Scorched Earth is a deceptively simple game with more depth than initially meets the eye. The turn-based gameplay could not be more straightforward: pick a weapon and take your shot. What makes the game interesting is its physics model and array of high-powered weapons, which should appeal to those who enjoy strategy games like Worms.
Scorched Earth's graphics aren't its strongest feature. Land is essentially one solid color with the most decorative background being a black night sky with white dots representing stars. With the default setting of five tanks, it's unlikely you'll see more than 12 colors on screen at one time and five of those are just the different colors for each tank. Sound effects aren't much better. The only things you'll hear coming from the speakers are rudimentary beeps and "bloops" that were acceptable five years prior.
Despite the basic presentation, Scorched Earth still manages to distinguish itself with its detailed and versatile physics model. From the title screen you can adjust attributes like wind speed, gravity, and air viscosity. You can also adjust screen edges to have such characteristics as bounce or wraparound. The way a battle arena is configured has a noticeable effect on how the battle plays out as the prevailing wind, air viscosity, and edge settings can significantly influence or even completely invalidate your battle strategy.
This gives each new game of Scorched Earth a different feel. There are random hazards like meteors and lightning strikes. You can also set the economic conditions for the game by adjusting the amount of initial cash available. By lowering the amount of cash, you can turn the game into a shooter's match with players hoarding their precious guidance systems and super weapons for the perfect shot. Alternatively, you can create a wild free-for-all by raising the amount of cash present, guaranteeing every shot will be a nuke or something equivalent in power.
Scorched Earth's graphical and aural deficiencies can be forgiven to some extent as it was created as shareware and not as a traditional retail product. If you are willing to overlook the presentation, you'll find a unique and enjoyable game. The variety of settings and options makes for a rewarding single-player experience, but Scorched Earth truly shines as a multiplayer party game with its easy learning curve and potential for wild action.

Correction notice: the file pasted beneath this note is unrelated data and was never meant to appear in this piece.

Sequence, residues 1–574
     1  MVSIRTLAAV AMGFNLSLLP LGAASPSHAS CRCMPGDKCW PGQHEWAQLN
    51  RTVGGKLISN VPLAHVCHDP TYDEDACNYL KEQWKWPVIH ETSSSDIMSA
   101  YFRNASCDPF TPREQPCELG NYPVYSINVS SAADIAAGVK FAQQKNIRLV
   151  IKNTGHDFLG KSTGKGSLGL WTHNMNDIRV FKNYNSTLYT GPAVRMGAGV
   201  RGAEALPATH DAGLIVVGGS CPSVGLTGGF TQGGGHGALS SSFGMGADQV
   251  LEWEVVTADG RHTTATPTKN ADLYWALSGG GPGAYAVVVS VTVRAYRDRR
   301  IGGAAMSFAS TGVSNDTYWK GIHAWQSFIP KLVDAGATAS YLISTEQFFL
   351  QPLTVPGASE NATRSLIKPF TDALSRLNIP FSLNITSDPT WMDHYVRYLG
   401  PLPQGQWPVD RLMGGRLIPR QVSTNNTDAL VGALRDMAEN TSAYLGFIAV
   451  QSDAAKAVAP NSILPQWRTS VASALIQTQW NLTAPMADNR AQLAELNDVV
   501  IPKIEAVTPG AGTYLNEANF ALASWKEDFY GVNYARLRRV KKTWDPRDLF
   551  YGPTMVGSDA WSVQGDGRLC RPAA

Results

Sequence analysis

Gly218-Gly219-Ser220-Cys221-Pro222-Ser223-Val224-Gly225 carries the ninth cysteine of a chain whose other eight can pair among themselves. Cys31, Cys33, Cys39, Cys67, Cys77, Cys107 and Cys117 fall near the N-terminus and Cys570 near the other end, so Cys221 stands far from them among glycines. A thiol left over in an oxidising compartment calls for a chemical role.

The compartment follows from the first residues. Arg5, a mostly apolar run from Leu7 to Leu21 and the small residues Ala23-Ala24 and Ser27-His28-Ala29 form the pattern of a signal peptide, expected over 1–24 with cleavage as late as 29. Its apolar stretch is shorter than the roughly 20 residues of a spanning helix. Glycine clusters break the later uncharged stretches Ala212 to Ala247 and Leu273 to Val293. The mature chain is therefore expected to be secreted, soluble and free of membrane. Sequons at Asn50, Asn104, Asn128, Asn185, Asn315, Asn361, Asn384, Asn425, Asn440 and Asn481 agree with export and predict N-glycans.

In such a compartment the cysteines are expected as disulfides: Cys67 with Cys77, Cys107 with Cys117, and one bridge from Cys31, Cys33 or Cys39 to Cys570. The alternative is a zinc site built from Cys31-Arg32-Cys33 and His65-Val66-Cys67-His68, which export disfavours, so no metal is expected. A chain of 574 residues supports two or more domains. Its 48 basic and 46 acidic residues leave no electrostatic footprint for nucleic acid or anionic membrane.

Graphics: Graphics are adequate but simplistic. The game comes with a collection of scanned mountain images, which help improve the appearance somewhat.
Sound: The sound effects are first generation PC and lag years behind the game's contemporaries.
Enjoyment: Gameplay is easy to pick up and surprisingly fun, given its simplicity.
Replay Value: Scorched Earth's many settings give it a high replay value. A game can even span as many as 1,000 matches.
It's all-out war in Scorched Earth, a simple, yet exciting artillery combat game! You and up to nine friends can duke it out on hills and in valleys as you nuke each other into submission in this turn-based tank battle.
At the start of each round, each player purchases their weaponry, and if they choose, shields and parachutes for defense and safety from long drops. Then it's off to battle! Aim your cannon, taking note of trajectory and wind, and fire off your weapons in attempt to take out the opposition. Most of the options are very intuitive, and you can begin playing with only a little bit of information.
The variety of weapons is the real highlight of Scorched Earth. A small sample of these include the standard nukes, which obliterate the screen. There's the Funky Bomb, which scatters smaller bombs in an unpredictable variety of directions. Or, if missiles aren't your thing, you can send your foes a personal gift of flaming napalm. There are also dirt bombs which can be used to bury opponents or yourself, for safety from opposing attacks.
One of the other memorable features are the amusing quips displayed before a shot is fired, and when a tank is destroyed. These can even be added to by editing the files to give your threats a more personal flavor.
The short story: Your goal is to destroy your opponent's tanks by entering the correct power and angle values for shooting your projectiles. You earn money after each round based on your aiming skill, enabling you to buy different shields and weapons. But there's much more to it, and not everything can be mentioned here. You can choose between simultaneous, sequential and synchronous gaming mode, as well as the weather conditions, gravity, etc. But I recommend you leave these, as well as all the other options from the rather abundant set of options as is, for now. You can try modifying them once you get bored with the game, and there's a good chance that it won't be any time soon.
A multiplayer game mode is, of course, supported for up to 9 players. The default graphic resolution is a bit unusual but nice: 360x480 (256 colors). Scorched Earth is not the first game of its kind, but it has a certain "personality." Unfortunately, the full version is not available. I don't know if there is anyone left on earth besides the author who has the full version and is willing to share it. However, it's not something to be concerned about, since the only difference between the full and the shareware version is the availability of the seventh tank (there are six types to choose from).
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